An official representing the Islamic Republic claimed that the IAEA would no longer be granted access to images of nuclear sites throughout the country; The US secretary of state voiced serious concern for the nuclear deal’s future should Tehran follow through.

As of Sunday, Iran claims it will no longer grant access to images of its nuclear sites to the International Atomic Energy Agency (IAEA), the United Nations nuclear watchdog. Tehran had agreed to provide images of the country’s nuclear sites as part of the 2015 Joint comprehensive Plan of Action (JCPOA). Still, Sunday’s announcement came as the deal continues to deteriorate.

Mohammad Baqer Qalibaf, Iran’s Parliament speaker, stated, “The agreement has expired… any of the information recorded will never be given to the International Atomic Energy Agency, and the data and images will remain in the possession of Iran.”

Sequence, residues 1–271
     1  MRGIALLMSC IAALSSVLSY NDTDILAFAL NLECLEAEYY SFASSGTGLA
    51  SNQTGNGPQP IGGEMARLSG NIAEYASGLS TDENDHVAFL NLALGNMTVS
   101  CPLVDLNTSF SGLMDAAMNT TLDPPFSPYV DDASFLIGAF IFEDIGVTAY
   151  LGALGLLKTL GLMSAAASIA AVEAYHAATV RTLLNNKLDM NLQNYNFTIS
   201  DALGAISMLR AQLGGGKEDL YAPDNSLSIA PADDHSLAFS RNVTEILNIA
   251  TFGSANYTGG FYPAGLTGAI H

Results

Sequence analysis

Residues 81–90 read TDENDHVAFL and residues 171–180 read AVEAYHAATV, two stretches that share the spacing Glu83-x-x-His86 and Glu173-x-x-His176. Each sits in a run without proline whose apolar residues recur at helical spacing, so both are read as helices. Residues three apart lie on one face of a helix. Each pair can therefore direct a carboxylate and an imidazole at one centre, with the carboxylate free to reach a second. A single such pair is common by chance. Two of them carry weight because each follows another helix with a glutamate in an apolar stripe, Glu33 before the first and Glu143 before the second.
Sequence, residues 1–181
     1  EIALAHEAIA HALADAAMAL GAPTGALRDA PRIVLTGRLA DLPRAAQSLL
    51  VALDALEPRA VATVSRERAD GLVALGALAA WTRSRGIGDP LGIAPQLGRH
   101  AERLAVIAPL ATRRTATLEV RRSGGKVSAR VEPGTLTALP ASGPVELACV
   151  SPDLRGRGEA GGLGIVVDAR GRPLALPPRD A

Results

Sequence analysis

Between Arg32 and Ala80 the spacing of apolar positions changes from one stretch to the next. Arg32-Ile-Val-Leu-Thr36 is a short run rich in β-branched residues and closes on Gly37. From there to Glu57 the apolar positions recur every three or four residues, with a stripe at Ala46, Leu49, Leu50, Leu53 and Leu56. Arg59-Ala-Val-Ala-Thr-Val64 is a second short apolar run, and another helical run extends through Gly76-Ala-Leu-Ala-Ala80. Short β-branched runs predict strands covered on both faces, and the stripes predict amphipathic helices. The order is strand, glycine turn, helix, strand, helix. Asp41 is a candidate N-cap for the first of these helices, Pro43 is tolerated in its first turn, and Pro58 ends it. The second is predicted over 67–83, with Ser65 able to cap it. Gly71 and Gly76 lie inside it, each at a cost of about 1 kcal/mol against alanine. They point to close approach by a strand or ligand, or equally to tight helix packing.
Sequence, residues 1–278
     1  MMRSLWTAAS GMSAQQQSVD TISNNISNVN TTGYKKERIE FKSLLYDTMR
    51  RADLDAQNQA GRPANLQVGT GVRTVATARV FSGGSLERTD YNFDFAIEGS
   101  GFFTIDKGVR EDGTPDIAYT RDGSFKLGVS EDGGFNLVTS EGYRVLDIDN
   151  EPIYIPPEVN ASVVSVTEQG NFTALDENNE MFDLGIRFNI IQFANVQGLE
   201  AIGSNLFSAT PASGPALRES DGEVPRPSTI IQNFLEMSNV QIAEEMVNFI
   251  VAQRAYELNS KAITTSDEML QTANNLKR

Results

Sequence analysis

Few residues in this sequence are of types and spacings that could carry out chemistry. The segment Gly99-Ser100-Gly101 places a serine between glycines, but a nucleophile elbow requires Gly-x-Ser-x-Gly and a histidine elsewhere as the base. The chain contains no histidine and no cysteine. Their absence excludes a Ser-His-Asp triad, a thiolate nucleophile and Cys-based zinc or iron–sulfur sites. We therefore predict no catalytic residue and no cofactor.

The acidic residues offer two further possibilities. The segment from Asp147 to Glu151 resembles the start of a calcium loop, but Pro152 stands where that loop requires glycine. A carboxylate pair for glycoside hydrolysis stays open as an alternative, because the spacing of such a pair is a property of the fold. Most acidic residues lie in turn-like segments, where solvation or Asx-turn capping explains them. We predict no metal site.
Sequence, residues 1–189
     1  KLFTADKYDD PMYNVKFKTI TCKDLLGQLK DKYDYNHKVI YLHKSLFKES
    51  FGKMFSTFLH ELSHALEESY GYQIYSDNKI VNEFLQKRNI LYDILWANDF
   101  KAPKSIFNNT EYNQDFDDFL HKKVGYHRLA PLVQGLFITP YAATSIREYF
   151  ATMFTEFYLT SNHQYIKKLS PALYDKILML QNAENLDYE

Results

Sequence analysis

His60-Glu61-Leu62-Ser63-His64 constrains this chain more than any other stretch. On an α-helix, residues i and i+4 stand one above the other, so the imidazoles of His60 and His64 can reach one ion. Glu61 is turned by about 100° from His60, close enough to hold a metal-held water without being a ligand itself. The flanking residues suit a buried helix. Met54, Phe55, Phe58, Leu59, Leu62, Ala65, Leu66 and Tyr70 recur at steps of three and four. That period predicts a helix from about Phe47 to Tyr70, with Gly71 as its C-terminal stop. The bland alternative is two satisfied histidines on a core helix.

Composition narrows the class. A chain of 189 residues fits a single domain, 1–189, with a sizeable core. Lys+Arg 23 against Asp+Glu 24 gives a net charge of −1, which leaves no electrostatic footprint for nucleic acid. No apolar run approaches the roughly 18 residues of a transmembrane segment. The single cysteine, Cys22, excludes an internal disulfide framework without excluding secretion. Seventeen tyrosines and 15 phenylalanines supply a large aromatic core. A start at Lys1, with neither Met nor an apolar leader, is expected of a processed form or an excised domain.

Tension has been increasing between the two parties amid the IAEA’s uncovering of more nuclear sites throughout the Islamic Republic before the recent nuclear talks in Vienna, which ultimately failed. Those sites were never disclosed by the Iranians, nor did they ever provide a clear explanation concerning the sites.

The Foreign Ministry also added, “The Iranian regime reveals once again its malign intentions as well as its ways of lies and deceit by withholding any effective monitoring of its nuclear program.”

It continued, “The IAEA director-general’s report, published on Friday, June 25, provides clear evidence that the Iranian Ayatollahs continue pursuing military nuclear capabilities. We call upon the international community to act swiftly and decisively, by all means, to hold Iran accountable for its sinister actions.”

US Secretary of State Antony Blinken signaled serious concern late last week should Tehran follow through, which is likely to happen as Iran has continuously publicly violated the terms of the deal since 2018 after the US withdrew from the JCPOA.